Considering it’s a week before Christmas, I feel remarkably relaxed. Last year was quite a different story. I learned a valuable lesson from that incredibly stressful period that I am mindful of this year and that is that it is ok to let things go and not do so much. Christmas will come whether or not I’ve found the perfect gift for so-and-so, cooked the perfect meal or mailed out cards. As a wise man once wrote: “What if Christmas, he thought, doesn’t come from a store. What if Christmas, perhaps, means a little bit more.” I’ll be spending Christmas with my family and for that I’m blessed. Here’s wishing you all to be surrounded by loved ones with a glass of bubbly in hand as 2016 closes out!– Anya Balistreri

0 Comments | Posted in 0 1 2 3 4 5 6

Making Wine On A Volcano – Cantine Russo

Tuesday, December 6, 2016 11:32 AM

2015 Rampante Etna Bianco from Cantine Russo


The stable of Italian producers that TWH directly imports has increased by one: Cantine Russo. Cantine Russo sits on the northeast slope of Sicily’s Mount Etna, Europe’s most active volcano. The winery is family-run and can trace its winemaking roots back to 1860. It wasn’t until 1955 that Ciccio Russo began bottling wine to sell commercially. Ciccio’s son, Vincenzo is the current owner. Vincenzo runs the winery with his son, Francesco, who is the winemaker and his daughter, Gina, who handles the day-to-day operations.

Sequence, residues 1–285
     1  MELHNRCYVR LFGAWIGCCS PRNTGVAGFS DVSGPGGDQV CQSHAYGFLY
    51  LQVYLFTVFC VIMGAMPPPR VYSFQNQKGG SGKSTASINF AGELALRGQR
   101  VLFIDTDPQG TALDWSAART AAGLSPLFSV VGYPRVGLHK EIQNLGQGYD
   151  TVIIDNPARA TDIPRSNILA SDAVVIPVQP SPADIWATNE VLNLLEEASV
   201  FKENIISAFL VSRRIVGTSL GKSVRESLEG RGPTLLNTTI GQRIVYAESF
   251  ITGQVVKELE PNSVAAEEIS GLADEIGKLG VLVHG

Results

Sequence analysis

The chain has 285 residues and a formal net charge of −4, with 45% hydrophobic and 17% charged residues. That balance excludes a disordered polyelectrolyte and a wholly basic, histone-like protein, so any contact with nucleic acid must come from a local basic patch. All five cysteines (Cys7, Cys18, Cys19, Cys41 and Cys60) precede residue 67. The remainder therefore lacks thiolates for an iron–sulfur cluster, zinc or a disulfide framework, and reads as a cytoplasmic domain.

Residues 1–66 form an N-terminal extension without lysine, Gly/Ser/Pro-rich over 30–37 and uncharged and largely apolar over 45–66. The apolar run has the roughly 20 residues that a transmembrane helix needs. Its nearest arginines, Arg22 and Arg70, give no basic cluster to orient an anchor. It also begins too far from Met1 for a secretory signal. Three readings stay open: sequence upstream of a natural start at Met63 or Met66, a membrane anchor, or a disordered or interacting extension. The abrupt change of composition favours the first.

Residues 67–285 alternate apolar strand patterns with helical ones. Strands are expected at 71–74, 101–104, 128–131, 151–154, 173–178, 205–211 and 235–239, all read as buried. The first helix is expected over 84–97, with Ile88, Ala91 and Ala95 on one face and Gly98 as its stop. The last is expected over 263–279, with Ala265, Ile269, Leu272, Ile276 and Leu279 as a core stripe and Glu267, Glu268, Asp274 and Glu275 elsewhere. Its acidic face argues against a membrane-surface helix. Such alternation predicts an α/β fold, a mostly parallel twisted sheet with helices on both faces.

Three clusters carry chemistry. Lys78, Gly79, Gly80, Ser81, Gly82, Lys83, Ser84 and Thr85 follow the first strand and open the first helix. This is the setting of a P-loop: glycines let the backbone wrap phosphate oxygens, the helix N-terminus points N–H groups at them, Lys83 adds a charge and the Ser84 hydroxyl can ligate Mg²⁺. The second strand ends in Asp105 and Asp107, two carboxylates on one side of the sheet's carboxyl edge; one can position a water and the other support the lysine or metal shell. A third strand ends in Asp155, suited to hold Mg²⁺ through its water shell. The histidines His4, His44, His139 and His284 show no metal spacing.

In an article celebrating the women of Etna, Gina recalls running around her grandfather’s cellar with her brother. She describes her first harvest at about age 5 and claims to not have missed a single one in 40 years! This tight-knit bond the Russo family has to the land is common among natives of Etna. Having visited the area, I can understand the lure to stay in this harsh, yet painfully beautiful landscape. Over the last decade or so, more and more attention has been given to Sicilian wines particularly those from Mount Etna. It really is incredible to think about all the challenges and risks involved in growing grapes on an active volcano. It takes steadfast dedication.